Salsa in Japan: A Japanese and Latino Mix
This remarkable documentary on multiculturalism explores the growing subculture of salsa dancing in Japan, where salsa dancing and salsa clubs serve as a source of interaction and cultural mingling between native Japanese and Latino immigrants to Japan.
Each group has a different way of dancing and different reasons for going to the dance clubs. In scenes at the clubs these differences are apparent. However, salsa clubs are also important and popular places for interaction between Japanese and Latinos, places where learning between the two groups and a greater cultural appreciation of one another can occur.
The video examines two types of salsa clubs in Japan. One draws more Japanese and the other draws more Latinos. The key difference between the two is the purpose for going. In the clubs that draw more Japanese, there is a greater focus on dancing well -- on looking good. Most of the clientele are students of salsa and some enter competitions.
The clubs that draw a largely Latino crowd have more of a "party" atmosphere. Some of the clientele are great dancers, others not. Some even learn how to dance salsa in Japan, because it's not in fact a universally "Latin" dance. The main attraction of these "parties" is the chance to get together with other Latinos, blow off steam, and have a good time.
"Salsa in Japan" briefly recounts the history of salsa for those unfamiliar with the dance and examines the many connections between Latin America and Japan through interviews with people involved in the salsa world.
This energetic, vibrant, and accessible video will reward viewing and stimulate discussion in any class dealing with issues of multiculturalism and immigration, and in a wide variety of courses in Japanese and Asian studies, Latin American studies, and cultural anthropology. It was produced by Elizabeth Chamberlin.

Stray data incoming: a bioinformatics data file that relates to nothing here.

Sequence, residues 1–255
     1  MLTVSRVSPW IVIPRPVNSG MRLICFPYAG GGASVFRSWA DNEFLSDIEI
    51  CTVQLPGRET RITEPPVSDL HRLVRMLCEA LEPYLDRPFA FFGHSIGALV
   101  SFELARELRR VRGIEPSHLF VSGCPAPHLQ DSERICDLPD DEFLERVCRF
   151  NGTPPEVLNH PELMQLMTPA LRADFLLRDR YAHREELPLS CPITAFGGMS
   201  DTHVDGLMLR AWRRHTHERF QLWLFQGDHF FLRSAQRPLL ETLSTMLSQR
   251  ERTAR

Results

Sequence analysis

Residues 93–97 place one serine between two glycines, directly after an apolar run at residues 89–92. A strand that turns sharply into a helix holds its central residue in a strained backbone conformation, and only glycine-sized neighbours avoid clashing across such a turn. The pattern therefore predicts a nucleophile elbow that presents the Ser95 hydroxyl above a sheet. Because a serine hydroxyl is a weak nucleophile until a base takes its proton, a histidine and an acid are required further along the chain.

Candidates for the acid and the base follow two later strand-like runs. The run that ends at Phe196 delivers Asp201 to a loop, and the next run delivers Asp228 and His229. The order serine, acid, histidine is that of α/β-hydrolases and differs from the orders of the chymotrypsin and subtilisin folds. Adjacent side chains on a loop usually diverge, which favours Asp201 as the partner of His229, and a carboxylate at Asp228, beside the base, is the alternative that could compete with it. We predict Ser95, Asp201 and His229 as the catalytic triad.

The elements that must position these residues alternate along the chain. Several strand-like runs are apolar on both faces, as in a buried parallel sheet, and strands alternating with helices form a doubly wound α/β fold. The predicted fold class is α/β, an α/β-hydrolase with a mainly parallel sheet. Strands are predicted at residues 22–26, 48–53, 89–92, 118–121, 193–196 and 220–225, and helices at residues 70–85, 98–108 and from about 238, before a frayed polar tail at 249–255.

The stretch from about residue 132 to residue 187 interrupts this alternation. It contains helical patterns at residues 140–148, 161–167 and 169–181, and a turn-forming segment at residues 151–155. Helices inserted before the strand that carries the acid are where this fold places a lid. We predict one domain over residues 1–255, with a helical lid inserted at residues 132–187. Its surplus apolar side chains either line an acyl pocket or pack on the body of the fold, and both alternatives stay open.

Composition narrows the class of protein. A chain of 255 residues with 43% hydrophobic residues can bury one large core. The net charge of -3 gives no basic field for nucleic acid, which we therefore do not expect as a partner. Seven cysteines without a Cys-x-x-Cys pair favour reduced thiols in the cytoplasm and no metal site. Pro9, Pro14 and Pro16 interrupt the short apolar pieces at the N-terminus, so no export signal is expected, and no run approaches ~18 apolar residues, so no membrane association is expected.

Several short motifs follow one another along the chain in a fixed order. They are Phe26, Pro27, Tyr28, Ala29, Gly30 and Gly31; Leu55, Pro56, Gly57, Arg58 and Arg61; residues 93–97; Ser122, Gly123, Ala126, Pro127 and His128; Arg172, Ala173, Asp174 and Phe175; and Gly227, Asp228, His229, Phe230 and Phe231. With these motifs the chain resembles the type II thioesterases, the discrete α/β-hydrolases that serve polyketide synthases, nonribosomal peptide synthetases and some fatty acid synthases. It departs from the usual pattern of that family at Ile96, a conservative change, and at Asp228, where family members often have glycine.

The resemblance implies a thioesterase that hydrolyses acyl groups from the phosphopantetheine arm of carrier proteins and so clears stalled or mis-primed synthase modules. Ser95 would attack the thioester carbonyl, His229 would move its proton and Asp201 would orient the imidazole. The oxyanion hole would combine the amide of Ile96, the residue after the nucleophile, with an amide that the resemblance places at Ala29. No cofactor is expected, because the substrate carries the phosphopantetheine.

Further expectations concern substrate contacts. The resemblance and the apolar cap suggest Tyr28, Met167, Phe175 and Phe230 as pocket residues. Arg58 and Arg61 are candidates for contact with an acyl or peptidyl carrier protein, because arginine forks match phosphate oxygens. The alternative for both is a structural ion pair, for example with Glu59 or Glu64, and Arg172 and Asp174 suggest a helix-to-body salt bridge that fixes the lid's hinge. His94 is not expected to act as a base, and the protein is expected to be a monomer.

"This video takes you on a 25-minute journey to the salsa dance scene in Japan. The shy but hardworking Japanese and the freewheeling and passionate Latinos -- the two stereotypes melt in the salsa school, the dancing venue, and the DJ booth. Students will see deeply-committed Japanese salsa dancers and articulate Cuban dance teachers. The issues of tradition and modernization, space, leisure, day and nightlife, reverse immigration, race, and other topics are flashily and freshly presented in this compact journey." -- Shuhei Hosokawa, Assoc. Prof. of Humanities and Social Sciences, Tokyo Institute of Technology
"An entertaining and informative overview of salsa dancing in Japan. Showing the historical factors and different social groups that have created this unique cross-cultural form of entertainment, the video will be of use in undergraduate courses in popular culture, multiculturalism, cultural anthropology, and numerous other disciplines." -- Paul H. Gelles, Assoc. Prof. of Anthropology, University of California, Riverside
- American Anthropological Assn. selection
- Society for Visual Anthropology selection
- Society of Intercultural Educators, Trainers, and Researchers honoree
- Santa Barbara International Film Festival honoree